He says given that he can’t be entirely sure what Right Media was working on at the time, it’s hard to define who was responsible for what. “Maybe we both invented it. Maybe we did together. It was the right time for it, which is how so many of these things happen,” he said.


With the rise of programmatic trading came the emergence of supply-side platforms (SSP), tools for publishers to plug into automated digital advertising trading. While the exact definition of an SSP is contestable, Ben Barokas’ AdMeld stakes a claim to being the first.

“I realised there was a particular opportunity to make the buying and selling of advertising much more efficient,” said Barokas. Barokas met his AdMeld co-founder Brian Adams, who he describes as “both an incredible engineer, and leader of men and women”, while working at AOL, and the two together fleshed out their product.

Barokas saw the opportunity while working at AOL and JumpTV, which both used large numbers of networks to monetise inventory. “We had a number of operations specialists who were focussed on pulling reports and changing the priority on line items in order to generate the highest yield on a day-by-day basis,” he said.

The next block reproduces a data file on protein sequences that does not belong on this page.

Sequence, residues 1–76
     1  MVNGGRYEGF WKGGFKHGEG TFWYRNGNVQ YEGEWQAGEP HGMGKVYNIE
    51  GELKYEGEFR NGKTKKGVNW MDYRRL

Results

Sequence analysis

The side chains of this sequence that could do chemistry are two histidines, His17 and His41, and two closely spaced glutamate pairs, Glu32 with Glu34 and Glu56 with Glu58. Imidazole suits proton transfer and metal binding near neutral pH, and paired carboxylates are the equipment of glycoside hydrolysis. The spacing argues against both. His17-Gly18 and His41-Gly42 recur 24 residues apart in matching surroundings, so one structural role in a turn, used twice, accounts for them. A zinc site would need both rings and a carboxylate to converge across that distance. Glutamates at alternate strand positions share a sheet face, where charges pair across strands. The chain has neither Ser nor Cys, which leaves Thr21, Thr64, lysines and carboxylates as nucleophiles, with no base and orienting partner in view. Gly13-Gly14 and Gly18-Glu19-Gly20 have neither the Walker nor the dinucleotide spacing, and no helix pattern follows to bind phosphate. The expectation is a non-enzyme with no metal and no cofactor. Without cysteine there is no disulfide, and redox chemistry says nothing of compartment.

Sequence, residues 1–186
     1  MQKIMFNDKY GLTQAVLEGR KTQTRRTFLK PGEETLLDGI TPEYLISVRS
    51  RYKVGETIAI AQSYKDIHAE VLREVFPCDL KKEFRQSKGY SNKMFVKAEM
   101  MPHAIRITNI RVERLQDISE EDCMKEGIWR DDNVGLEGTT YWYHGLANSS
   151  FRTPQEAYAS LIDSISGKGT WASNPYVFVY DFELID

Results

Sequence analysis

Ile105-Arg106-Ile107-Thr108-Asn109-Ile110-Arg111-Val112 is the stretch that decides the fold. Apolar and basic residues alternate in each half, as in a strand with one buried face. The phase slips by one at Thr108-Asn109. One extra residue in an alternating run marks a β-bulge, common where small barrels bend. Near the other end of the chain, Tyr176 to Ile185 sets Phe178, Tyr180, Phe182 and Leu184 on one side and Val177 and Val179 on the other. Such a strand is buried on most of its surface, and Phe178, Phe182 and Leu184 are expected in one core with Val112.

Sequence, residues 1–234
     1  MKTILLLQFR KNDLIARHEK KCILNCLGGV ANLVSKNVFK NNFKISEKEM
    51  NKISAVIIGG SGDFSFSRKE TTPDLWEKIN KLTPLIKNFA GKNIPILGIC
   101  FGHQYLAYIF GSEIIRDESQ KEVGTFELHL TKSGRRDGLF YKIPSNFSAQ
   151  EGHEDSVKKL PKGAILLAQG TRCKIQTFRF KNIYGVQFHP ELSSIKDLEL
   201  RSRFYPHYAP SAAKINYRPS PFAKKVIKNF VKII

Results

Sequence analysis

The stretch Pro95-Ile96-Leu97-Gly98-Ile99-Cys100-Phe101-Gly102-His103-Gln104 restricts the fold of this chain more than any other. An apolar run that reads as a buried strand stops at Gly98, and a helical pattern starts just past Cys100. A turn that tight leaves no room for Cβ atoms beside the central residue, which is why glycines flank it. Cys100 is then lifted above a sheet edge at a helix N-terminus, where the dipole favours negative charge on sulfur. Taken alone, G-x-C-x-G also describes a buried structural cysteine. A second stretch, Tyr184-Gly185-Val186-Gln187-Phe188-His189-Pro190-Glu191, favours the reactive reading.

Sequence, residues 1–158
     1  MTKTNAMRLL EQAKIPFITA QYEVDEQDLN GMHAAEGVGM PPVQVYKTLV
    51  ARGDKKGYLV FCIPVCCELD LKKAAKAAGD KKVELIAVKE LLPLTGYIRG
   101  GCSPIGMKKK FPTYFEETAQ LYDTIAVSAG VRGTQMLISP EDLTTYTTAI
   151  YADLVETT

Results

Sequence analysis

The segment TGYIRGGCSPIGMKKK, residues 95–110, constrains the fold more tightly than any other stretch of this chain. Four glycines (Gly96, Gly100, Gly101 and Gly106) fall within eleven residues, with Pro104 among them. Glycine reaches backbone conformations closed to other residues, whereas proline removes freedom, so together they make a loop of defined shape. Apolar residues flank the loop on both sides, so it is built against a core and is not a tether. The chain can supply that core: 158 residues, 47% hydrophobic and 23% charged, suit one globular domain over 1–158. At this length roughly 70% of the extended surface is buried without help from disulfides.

Companies like Right Media had already made exchanges, but Barokas said he believed in a more open version of this model. He had throughout his career made connections with ad ops teams at publishers around the world, and was able to scout out interest in his idea – the majority said that if Barokas built the product, they would pay for it.

Barokas and Adams subsequently left JumpTV to start AdMeld, and began working on network optimisation, running algorithms to inventory on an impression-by-impression basis. The business quickly picked up big clients like Fox News and Huffington Post, helping the company to scale. “Over four years, we scaled from two guys, a deck and a dream, to 130 staff and seven offices worldwide”, said Barokas.

In 2011 AdMeld was acquired by Google, which integrated it into their DoubleClick AdX exchange.

Update: AppNexus’ Brian O’Kelley has since staked his own claim to having invented the SSP. “I definitely invented the SSP in 2004 – it actually came before the exchange,” O’Kelley said on Twitter. “We released a second attempt at the SSP called RMX Direct, which Pat McCarthy led, and for some reason Yahoo shut it Fuentes post-acquisition.”

Pat McCarthy, SVP at AppNexus, backed up O’Kelley’s claim:

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About the Author:

Tim Cross is Assistant Editor at VideoWeek.